Bolgatanga, May 24, GNA - Mr Anthony Sewor, Sector Commander of the Customs Excise and Preventive Service (CEPS) in the Upper East Region, on Tuesday advised CEPS personnel at transit routes not to delay vehicles with transit stickers destined to places outside the country. He said once a transit sticker was put on a vehicle at a transit border, it certified that the vehicle was on a legitimate journey and should not be delayed unduly at subsequent checkpoints.
Mr Sewor made the call in Bolgatanga when he met with the CEPS and Police Officers, drivers and businessmen in the Region to reiterate the need for vehicles to travel through Ghana without difficulties. He said Ghana had introduced the stickers for transit vehicles to comply with Article 32 of the ECOWAS Revised Treaty to facilitate the easy movement of persons, goods and services within the West Africa Sub-Region.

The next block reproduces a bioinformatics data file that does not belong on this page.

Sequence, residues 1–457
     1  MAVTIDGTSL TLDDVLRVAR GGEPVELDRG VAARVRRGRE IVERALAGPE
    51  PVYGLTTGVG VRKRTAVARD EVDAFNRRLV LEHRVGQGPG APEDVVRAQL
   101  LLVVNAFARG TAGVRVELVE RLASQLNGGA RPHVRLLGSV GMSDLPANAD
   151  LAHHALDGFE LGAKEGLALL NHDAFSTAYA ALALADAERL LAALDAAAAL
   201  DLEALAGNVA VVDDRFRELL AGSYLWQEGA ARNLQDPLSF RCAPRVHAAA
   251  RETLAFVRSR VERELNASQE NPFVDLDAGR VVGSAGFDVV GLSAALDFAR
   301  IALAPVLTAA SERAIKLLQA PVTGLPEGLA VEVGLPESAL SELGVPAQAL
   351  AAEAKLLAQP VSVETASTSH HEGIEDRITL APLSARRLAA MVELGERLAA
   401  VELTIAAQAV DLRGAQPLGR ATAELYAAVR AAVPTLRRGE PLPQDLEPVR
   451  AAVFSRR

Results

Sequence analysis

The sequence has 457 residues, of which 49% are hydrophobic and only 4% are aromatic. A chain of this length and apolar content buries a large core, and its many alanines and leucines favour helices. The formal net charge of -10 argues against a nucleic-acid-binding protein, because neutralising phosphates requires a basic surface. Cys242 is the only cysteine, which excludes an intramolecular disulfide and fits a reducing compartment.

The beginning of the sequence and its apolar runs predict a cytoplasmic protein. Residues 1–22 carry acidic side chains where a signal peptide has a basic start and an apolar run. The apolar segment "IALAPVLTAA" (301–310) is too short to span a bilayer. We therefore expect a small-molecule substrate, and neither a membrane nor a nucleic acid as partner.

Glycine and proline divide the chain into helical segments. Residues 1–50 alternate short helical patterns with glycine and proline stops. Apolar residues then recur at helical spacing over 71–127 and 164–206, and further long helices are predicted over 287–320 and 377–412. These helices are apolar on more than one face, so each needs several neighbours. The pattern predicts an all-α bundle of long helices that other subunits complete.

Mr Sewor said goods on transit did not attract custom duties and they were not supposed to be consumed in the country except when the owner asked for permission and paid the recommended duty on them.
Mr. Sewor appealed to the public to report to the nearest CEPS or Police Post, any driver or vehicle owner who in spite of the transit sticker discharged goods in the country.
"Where a transit vehicle infringes on any of our road traffic regulations it is important to expedite action on such cases and where there is a delay in the release of the vehicle the police must inform the CEPS either directly, through the driver or the agent". He said the stickers were supposed to be endorsed at the exit point in order to forestall diversion and deviation from the prescribed route indicated on the sticker without authorisation from the Commissioner would be viewed as smuggling.
Mr. Sewor appealed to the Police and the Motor Traffic and Transport Union (MTTU) to adhere to the regulations as the country stood to lose if anything went wrong with the stickers system.
He said the vehicles on transit even though did not pay duties, paid an administrative fee, transit fee and road fund, which the country would lose if drivers were harassed into seeking other routes.
Reacting to complaints about numerous Police checkpoints on the road, Chief Superintendent of Police, Amadu Salifu said the checkpoints were a necessary evil since they served a good purpose.
The Region has three transit points at Paga, Pulimakom and Kulungugu.